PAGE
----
Entertaining as the original characters and the story can be though, Super Robot Taisen would never work if it weren’t an entertaining tactical RPG in its own right. At its purest, the gameplay is based upon the genre’s bedrock -- the difference between “super robots” and “real robots.” The former represents hulking machines like Voltron, the sort that can take a hit and dish out damage in return. The latter would be the VF-1 Valkyries of the world: Maybe not very strong, but extraordinarily difficult to hit.
The rest of the gameplay is derived from that foundation. Combat skills are assigned based on whether or not a unit is a real or a super, and certain optional parts are designed with one or the other in my mind. The best Super Robot Taisen games are the ones that emphasize that division while balancing the difficulty, which the Super Robot Taisen Alpha Gaiden for PlayStation does with aplomb. Unfortunately, more recent games in the franchise have started to bend the rules a little, turning real robots like the Freedom Gundam into unstoppable, untouchable killing machines.
More recent games have also started to subvert the franchise’s intended purpose. The introduction of the squad, for instance, has made it possible to field more robots than ever before, but at the expense of their utility. The point of the series being to build a squadron of your favorite units, it’s a little frustrating to find that your favorites are only good for backing up the heavy-hitters. It’s a little like going to watch a baseball game, only to discover that your favorite player is riding the bench that day.
Ultimately, the best Super Robot Taisen games are the ones that have intriguing lineups with a good selection of music—a good series can be torpedoed by the wrong background music—interesting original units, good animation and proper attention to the franchise’s fundamental gameplay mechanics. In that sense, the Super Robot Taisen OG games are probably best the ones to come out in the past five years, but SRW Z, W, and possibly Alpha 3 were all solid in their own right as well. Bandai Namco being Bandai Namco, though, the series’ development has been pushed to the point that there are now three new entries per year. As Guitar Hero fans have discovered, that kind of volume makes it hard to keep up the overall quality.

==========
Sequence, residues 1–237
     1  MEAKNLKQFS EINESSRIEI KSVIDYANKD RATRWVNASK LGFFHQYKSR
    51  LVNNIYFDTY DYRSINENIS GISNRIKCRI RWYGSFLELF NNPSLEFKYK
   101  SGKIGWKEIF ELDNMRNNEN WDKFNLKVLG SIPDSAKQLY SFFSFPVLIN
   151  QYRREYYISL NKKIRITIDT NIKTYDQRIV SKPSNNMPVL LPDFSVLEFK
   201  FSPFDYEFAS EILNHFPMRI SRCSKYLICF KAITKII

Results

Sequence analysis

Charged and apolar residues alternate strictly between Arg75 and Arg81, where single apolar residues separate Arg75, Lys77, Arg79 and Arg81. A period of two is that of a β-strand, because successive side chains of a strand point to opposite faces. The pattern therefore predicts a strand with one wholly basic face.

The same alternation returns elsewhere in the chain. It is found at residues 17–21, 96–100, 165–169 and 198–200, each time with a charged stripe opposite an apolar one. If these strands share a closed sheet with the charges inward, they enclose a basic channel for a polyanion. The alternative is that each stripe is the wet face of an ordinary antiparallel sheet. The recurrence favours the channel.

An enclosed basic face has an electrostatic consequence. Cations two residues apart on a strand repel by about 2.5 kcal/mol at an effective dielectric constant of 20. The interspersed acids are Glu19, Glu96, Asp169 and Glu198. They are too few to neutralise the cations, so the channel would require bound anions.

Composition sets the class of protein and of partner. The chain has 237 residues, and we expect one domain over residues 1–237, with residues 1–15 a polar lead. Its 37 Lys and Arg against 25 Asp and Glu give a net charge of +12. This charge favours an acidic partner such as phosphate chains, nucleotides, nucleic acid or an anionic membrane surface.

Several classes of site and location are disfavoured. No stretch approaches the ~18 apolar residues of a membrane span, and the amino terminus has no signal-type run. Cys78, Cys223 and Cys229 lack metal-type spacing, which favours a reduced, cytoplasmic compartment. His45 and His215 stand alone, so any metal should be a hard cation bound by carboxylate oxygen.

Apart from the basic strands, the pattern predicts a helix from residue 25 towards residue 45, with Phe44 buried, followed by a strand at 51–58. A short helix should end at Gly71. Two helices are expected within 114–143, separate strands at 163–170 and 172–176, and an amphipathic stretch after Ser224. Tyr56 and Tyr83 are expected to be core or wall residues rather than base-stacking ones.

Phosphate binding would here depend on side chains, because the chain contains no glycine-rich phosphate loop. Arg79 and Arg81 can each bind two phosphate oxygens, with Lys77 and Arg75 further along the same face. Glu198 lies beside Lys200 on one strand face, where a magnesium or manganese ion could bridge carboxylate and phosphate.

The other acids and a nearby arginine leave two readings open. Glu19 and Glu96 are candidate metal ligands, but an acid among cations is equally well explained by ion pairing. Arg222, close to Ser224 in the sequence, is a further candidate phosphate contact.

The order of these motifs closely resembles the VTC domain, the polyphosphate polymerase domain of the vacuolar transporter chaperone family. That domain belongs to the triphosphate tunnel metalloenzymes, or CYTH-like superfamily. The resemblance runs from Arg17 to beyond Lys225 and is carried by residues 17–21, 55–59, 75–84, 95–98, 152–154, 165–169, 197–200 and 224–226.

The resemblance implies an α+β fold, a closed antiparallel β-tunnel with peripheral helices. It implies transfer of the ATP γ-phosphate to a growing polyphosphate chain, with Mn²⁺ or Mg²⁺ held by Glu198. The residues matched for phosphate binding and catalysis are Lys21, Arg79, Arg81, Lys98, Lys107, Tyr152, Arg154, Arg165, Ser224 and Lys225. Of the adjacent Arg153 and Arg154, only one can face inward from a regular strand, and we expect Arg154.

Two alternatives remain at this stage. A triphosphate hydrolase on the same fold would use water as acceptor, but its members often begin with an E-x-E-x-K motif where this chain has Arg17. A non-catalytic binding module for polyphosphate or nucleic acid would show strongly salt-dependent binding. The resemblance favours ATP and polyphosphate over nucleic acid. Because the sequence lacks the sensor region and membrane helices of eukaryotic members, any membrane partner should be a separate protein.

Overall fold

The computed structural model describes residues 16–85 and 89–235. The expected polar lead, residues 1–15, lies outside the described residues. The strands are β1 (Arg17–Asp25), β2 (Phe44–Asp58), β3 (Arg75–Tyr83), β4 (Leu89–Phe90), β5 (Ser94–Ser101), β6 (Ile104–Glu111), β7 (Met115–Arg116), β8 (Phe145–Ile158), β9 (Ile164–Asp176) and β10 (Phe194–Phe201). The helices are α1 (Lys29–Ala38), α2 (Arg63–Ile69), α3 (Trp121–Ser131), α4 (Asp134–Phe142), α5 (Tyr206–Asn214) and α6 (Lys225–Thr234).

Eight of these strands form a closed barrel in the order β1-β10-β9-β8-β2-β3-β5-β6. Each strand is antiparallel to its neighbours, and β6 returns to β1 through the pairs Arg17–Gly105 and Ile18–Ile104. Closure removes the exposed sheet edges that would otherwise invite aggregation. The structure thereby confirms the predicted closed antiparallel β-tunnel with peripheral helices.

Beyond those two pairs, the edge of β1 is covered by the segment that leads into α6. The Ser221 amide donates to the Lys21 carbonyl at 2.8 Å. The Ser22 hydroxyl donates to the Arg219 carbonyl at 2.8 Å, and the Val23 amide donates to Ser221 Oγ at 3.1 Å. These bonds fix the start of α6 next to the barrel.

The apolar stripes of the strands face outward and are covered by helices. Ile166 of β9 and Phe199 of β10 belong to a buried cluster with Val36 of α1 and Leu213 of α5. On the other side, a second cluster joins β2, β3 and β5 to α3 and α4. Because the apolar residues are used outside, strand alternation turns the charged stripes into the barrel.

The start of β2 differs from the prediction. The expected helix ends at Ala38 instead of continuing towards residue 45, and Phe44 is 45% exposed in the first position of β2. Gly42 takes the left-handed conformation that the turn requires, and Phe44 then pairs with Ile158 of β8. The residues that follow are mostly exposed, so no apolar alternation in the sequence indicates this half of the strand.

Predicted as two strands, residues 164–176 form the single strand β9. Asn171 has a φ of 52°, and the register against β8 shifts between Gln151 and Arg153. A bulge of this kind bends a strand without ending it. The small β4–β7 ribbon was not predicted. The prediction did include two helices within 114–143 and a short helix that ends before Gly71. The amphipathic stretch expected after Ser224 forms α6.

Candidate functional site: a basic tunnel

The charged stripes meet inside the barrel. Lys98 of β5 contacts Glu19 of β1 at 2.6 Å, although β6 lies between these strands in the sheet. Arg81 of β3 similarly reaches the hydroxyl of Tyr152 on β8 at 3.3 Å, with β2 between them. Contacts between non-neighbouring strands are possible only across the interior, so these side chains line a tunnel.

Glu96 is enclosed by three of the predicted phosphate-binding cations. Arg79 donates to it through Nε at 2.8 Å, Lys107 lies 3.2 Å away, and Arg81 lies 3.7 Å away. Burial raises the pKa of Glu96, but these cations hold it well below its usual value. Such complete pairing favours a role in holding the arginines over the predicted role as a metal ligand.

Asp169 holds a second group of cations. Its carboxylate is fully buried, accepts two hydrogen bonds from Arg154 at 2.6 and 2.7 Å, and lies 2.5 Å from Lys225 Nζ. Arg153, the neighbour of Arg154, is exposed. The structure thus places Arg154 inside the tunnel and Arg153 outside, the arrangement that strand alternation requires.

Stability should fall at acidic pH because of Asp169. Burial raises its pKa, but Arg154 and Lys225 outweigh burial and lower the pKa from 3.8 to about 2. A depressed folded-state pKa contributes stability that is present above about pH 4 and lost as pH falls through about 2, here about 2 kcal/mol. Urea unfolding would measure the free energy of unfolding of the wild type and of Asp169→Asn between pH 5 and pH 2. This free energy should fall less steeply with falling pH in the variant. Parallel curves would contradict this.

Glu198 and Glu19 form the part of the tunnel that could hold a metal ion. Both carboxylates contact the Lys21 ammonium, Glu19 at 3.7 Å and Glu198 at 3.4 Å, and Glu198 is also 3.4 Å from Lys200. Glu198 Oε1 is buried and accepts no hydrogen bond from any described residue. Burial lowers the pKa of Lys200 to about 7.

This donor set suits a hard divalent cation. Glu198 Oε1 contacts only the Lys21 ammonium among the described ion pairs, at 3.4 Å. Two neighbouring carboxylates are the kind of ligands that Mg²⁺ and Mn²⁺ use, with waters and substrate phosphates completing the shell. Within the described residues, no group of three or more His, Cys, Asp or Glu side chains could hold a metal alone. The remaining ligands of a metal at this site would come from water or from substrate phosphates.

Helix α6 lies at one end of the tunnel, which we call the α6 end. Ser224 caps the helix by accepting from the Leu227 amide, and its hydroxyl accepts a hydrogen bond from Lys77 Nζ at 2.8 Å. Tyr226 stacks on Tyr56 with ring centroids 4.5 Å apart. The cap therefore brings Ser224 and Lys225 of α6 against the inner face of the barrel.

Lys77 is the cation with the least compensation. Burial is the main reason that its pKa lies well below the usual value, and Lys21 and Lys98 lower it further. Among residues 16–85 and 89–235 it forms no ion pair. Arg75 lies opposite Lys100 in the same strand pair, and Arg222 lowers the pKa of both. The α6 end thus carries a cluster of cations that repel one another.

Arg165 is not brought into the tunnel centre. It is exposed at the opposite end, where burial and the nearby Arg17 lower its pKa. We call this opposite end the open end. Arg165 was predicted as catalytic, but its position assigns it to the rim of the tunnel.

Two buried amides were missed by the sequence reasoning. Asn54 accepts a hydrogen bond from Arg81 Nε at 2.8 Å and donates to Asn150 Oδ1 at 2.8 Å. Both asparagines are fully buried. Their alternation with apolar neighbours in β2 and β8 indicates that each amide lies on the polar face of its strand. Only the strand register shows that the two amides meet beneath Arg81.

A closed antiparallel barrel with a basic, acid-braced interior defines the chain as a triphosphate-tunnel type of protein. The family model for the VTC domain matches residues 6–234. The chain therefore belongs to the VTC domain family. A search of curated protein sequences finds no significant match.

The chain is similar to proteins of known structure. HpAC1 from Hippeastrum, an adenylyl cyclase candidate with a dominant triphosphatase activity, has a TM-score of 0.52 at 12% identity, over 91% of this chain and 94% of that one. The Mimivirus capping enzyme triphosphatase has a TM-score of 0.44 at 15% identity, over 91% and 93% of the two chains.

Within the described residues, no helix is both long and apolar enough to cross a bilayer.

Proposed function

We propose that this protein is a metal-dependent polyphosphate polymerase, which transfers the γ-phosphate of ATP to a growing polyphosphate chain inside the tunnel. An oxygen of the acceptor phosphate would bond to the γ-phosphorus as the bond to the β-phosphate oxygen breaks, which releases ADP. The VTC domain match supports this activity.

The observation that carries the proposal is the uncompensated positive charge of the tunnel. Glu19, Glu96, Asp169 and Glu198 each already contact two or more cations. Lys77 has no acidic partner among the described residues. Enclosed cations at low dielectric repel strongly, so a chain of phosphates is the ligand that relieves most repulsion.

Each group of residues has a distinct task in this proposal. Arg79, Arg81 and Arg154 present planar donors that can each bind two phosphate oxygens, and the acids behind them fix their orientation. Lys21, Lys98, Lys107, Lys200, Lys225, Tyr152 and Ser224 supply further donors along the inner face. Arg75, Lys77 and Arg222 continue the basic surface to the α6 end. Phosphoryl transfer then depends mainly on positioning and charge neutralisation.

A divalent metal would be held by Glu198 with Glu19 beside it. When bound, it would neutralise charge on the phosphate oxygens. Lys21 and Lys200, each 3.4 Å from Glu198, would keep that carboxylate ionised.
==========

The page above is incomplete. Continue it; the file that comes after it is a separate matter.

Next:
But as the Japanese gaming industry continues to wither, Super Robot Taisen has defied the trends and become an “event game” for even casual mecha enthusiasts, of which there are no shortage in Japan. Mecha fans as a whole tend to be pretty split on their preferences, with those who prefer super robot shows versus real robot shows (and vice versa) providing the clearest split. But all factions are united in anticipation of each new Super Robot Taisen game, if only because they know that their favorite shows will be treated right.
It’s that enthusiasm which has helped Super Robot Taisen transcend its roots, growing from a simple tactical RPG to a series that has come to influence the very industry to which it pays tribute. It’s home to both the well-known and the obscure, its popularity helping prompt direct sequels to former obscurities like Koutetsushin Jeeg and the creation of all new robots like the Mazinkaizer.
In many ways, it’s as much an essential guide to a quarter-century of Japanese sci-fi as it is a game. For anyone with a taste for science fiction, giant robots and tactical RPGs -- and maybe peanut butter and chocolate -- that makes it a hell of a treat.